Concerning Developments in Canada

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Alastair

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I do remember your oxalic trials @Alastair . If I recall, you had issues with them being too wet and essentially dripping? ie they weren't dried before use.

The only trials I reported on to the forum was using Phils staples, I supplied those details as I was hoping to get a useful response from Phil. As you know, Phils staples arrive pre soaked in a bucket. Most of them are drained and dried but the ones on the bottom are wet, and I used them wet. This was pounced on as the reason for the failures but it was not acknowledged that 80% of the Phils Staples I used were bone dry and every bit as problematic.

I am on record with others, saying when I come to try OA and strips then I'm going to follow @Otto 's protocol. You should be able to find his file in the Document section and I have passed his details on to a number of beekeepers.

Yes a very useful document and also linked in this forum. I have treated hundreds of hives using his exact protocol.

I will also say that I have inspected hundreds if not thousands of hives both hobby and commercial that had oxalic strips in use, and I don't think I have ever seen even one apiary using them that did not have the classic symptoms of damage by oxalic acid strips. Although there were certainly individual hives looking good.

I'm not going to say that such an apiary does not exist, I am constantly being told on the internet that they do. Just saying I've never seen one.

People are much more ready to report of success than they are of failure.
 
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maungaturoto
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I'm a hobbiest so I can't comment on the work involved with your scale @tristan . . . but without Bayvarol and relying on other treatments, what is your current hive loss to varroa or lack of alternative treatment for same?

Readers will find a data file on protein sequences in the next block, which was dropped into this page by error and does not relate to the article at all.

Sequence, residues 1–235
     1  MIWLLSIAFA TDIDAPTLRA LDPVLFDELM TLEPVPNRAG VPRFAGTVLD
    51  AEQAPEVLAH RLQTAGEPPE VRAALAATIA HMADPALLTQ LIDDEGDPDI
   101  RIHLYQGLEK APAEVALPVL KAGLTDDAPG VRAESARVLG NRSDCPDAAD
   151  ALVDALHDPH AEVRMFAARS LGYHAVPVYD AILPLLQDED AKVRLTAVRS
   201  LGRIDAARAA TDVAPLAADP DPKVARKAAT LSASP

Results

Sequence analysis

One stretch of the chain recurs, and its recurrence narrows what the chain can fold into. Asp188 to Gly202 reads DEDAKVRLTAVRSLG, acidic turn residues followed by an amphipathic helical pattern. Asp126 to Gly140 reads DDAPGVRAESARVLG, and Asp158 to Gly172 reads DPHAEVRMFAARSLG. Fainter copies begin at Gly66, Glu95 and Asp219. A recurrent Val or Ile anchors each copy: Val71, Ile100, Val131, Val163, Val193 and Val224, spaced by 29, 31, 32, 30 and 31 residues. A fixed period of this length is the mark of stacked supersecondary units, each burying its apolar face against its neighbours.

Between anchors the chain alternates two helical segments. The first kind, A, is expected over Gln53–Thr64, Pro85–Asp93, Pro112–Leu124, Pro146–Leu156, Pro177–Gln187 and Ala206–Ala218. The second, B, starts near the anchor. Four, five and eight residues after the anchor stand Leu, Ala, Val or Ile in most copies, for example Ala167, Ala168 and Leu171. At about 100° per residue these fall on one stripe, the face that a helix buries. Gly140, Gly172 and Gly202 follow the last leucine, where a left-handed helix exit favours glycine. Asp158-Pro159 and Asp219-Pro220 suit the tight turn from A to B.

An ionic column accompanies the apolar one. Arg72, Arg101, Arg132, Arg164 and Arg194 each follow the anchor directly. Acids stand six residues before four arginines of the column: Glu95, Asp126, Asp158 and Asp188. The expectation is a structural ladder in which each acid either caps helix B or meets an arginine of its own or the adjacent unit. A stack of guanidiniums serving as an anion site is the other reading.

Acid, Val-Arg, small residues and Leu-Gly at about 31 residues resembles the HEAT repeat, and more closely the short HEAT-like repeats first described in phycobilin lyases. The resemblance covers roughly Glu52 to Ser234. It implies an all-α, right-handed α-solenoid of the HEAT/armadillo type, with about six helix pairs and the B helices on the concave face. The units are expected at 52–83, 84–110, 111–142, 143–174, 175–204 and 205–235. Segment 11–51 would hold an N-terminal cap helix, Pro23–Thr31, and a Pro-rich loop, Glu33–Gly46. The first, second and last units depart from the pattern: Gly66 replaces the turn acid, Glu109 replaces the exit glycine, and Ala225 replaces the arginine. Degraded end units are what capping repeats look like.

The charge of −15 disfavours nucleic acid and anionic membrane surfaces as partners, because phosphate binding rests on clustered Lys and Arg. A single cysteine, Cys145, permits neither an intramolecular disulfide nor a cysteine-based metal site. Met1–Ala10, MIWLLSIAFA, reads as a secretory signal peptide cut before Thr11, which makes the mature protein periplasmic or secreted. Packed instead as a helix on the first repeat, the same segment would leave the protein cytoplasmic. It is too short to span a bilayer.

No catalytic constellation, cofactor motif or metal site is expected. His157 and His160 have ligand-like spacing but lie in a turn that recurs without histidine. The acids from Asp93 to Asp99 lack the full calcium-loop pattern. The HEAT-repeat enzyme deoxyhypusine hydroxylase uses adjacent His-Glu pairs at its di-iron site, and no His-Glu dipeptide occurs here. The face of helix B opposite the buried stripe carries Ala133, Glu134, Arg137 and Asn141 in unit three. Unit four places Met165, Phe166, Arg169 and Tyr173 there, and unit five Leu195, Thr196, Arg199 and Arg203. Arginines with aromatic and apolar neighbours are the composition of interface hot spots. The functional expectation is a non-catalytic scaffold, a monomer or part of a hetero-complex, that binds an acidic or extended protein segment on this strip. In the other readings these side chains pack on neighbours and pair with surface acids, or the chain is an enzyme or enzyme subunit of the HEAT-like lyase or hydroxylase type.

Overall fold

pretty much zero.
getting a few sites wacked by reinvasion and afb, due to hive abandonment etc going on, but thats about it.
 
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maungaturoto
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I am just trying to point out that using it requires a shift in mentality. I don't think it is a treatment you can simply put in twice a year by the calendar and forget about. Dealing with Varroa long term is going to be a case of evolving how you do things as a beekeeper.
thats why i say its not as simple as just use other methods.
what did i just say .......
 
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I'll ignore your first point that I have missed the point for now🙂
Second point, I am not a hobby beekeeper and no, you don't do more treatments in one session than I do in 50 years.
Third point. If you have read some of Randy Oliver's article you should be aware that he calls what you're looking for the next silver bullet, and I agree with him that at this point in time we have nothing close to this sort of solution for Varroa. You need to adjust your expectations a little. Your current treatments don't work that well so why set the bar that high for an alternative?
Fourth point. The unfortunate reason commercial beekeepers don't tell you why their oxalic treatments didn't work is that they don't know why. That is the problem with doing a half-assed "experiment" and aborting it part way through. You cannot actually draw any valid conclusions from it.
Fifth point. "Something like chewing out strips early is a complete fail". Again, you're expectations are unrealistic. Every beehive is different and there are gross and subtle differences between how they will respond. That is why as a beekeeper you need to be prepared to not necessarily treat them all exactly the same. Does every beehive you have always get fed the exact same amount of sugar? Do you put the same number of boxes on every hive and do they all collect the same amount of honey? The only reason beekeepers have the expectation that they can do everything exactly the same with every hive when dealing with Varroa is that our first treatment options were quite close to Randy's silver bullet. Unfortunately, we no longer have that option.